If it turned out awful, I’d just dump it and never speak of it again. I’d be carving when the children were in bed so there’d be no witnesses to remind me of my failed attempts!
Two years ago I decided to up my game; I was carving an Elmo pumpkin while watching T.V. It just happened to be Love/Hate with the storyline about Elmo allegedly telling the authorities about Nidge. For the craic I decided to carve a little extra on my pumpkin & posted it to social media. I couldn’t believe it when I woke the next morning to see it’d taken off and was reposted across tonnes of pages including 98FM, FM104, BreakingNews.ie, I’d even made it onto “18 of the Greatest Halloween Pumpkins Ever Carved” by the Journal.ie/The Daily Edge!
I thought it was hilarious and it gave me the push to try other designs after all it didn’t turn out as bad I thought it would. It really doesn’t have to take that long to carve a pumpkin, sure who has time to be spending hours? I know with 5 little ones I certainly don’t. From experience I’ve learned a few tricks that’ll not only save you time but a whole lot of energy and your sanity. If you stick to the advice below I guarantee you’ll have a masterpiece on your hands or your money back.* *monopoly money will be given back!*
How to Carve a Pumpkin Like a Pro:
Pick a fresh pumpkin with a blemish free side for carving and ensure the skin is intact with no dents or holes. Print a stencil you like from Google/Pinterest, I find the best way to do this is print screen & paste to a Word document that way you can gauge and adjust the size you need for your pumpkin.
- Silhouettes are by far the easiest and most striking images when carved.
- Wash your pumpkin before carving, I use baby wipes as I’ve no energy to fill a sink of soapy water just for a pumpkin!
- Cut off the top/lid using a knife I use a non serrated knife at a 45° angle so there is a ledge for the lid to sit on.
- Scoop out the insides using a large spoon just be careful not to scoop the flesh too close to the skin.
- Cut off the excess page from your stencil and tape to your pumpkin, ordinary tape will do. I just tape the top and leave the rest loose so I can bend it around the curvature of the pumpkin as I trace over it.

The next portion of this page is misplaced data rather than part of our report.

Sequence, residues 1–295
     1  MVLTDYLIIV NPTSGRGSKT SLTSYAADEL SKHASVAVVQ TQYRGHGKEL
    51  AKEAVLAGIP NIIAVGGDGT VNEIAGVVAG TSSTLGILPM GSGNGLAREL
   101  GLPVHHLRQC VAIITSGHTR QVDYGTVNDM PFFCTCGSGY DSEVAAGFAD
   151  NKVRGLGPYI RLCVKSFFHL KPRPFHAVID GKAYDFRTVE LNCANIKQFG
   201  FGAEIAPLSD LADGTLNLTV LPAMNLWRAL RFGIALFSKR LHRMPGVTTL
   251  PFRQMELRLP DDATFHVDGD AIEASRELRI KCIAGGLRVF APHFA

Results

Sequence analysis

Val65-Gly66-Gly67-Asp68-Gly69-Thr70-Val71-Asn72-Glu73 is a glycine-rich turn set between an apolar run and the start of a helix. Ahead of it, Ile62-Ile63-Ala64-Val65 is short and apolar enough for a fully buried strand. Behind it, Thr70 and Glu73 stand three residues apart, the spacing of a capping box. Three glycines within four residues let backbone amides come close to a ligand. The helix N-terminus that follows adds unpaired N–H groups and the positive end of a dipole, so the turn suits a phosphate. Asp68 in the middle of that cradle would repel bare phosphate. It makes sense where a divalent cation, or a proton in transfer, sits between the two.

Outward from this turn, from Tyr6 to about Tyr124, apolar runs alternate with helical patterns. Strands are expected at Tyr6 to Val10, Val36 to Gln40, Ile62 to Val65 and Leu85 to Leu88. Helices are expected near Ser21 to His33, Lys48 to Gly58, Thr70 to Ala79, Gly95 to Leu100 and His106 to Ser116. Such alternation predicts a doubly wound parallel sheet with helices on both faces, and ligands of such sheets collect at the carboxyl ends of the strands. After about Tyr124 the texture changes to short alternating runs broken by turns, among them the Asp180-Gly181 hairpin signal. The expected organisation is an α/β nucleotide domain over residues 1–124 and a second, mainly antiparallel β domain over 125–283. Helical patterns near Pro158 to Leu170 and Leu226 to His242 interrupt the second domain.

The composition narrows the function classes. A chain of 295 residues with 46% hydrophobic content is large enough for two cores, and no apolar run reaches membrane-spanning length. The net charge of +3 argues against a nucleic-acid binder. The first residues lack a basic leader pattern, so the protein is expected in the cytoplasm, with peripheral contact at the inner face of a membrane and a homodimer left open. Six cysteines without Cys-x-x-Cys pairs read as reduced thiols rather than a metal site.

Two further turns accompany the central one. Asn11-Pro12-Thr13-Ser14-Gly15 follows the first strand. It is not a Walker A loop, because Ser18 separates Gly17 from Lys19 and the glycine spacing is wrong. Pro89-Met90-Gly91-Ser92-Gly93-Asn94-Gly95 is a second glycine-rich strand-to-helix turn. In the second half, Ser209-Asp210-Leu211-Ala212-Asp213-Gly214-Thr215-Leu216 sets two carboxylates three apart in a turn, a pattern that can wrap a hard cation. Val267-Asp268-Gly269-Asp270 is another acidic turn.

- Otherwise you’ll spend ages getting it completely taped on.
- Trace over your stencil using a pen as a pencil can tear the page and mark the skin of your pumpkin.
- Don’t bother with those pumpkin carving kits as it’s extremely difficult to get any precise incisions with them; again I’m all about the easy life. I use little blades like a pencil with a blade as the nib, you’ll find a packet of them in Dealz for €1.49 and a packet of tiny screwdrivers same place same price.
- Remove your stencil and retrace around the pattern on your pumpkin using your blade. Tip: Hold the blade at an angle so the tip goes under the area of skin you are removing.
- If you are carving a circle for an eye hold your blade still and move the pumpkin in a circular motion.
- If you are carving a larger circle/curve move both the pumpkin and the blade as it’ll be much easier to achieve a circular cut.
- Once you’ve gone around all areas with your blade using the smallest screwdriver peal back the skin. If it’s a large area of skin to be removes start by taking the edge up with the small screwdriver & move onto a large screwdriver pushing & swiping it from side to side lifting just the skin.
- Once carved if you have any gouges or rough looking carved areas simply smooth over with your finger, it’s very forgiving like that!
- Don’t panic, it looks much better with a light inside. I’ve often thought I’d made a mess of it only to be nicely surprised when I put in a candle.
- Use a candle, led light or even a torch for the inside. If using a candle & you want to put the lid back on you’ll need to cut a hole for a chimney in the back.
- To preserve your pumpkin spray/wash with bleach and water solution as it’s bacteria that makes them mould.
- You can rub all carved areas with Vaseline or oil to stop the air drying it out.
- If your pumpkin does start to dry out simply steep in water carved side down for anything up to 8 hours to rehydrate it.
The cheapest place I found for larger pumpkins is Supervalu Medium €1.50, Large €2.50 & Giant €3.50 each. I carved the characters from Inside Out onto tiny cooking pumpkins I bought in Tesco for 69c each. If you follow the above tips and use a silhouette stencil you’d easily have it done in 15-20 minutes or for me just in time to refill your wine glass!